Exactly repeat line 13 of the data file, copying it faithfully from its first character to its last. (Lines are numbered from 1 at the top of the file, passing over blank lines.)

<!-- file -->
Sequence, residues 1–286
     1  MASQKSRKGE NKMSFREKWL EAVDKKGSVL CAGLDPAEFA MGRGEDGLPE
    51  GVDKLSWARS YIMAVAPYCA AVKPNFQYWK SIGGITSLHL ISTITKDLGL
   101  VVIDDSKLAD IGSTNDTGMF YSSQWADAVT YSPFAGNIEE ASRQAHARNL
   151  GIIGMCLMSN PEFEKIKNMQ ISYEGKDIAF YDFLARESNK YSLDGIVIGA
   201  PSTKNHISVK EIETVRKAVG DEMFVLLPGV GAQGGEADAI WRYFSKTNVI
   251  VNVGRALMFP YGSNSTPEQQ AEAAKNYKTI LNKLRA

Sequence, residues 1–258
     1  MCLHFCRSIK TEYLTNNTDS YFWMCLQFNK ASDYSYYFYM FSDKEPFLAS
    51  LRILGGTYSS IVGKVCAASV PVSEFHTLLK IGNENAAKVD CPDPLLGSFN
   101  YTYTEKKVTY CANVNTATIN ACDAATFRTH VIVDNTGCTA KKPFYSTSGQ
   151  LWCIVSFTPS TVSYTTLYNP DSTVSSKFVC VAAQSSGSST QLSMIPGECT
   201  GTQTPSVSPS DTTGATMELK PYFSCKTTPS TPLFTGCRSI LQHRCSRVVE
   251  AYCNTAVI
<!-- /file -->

   201  GTQTPSVSPS DTTGATMELK PYFSCKTTPS TPLFTGCRSI LQHRCSRVVE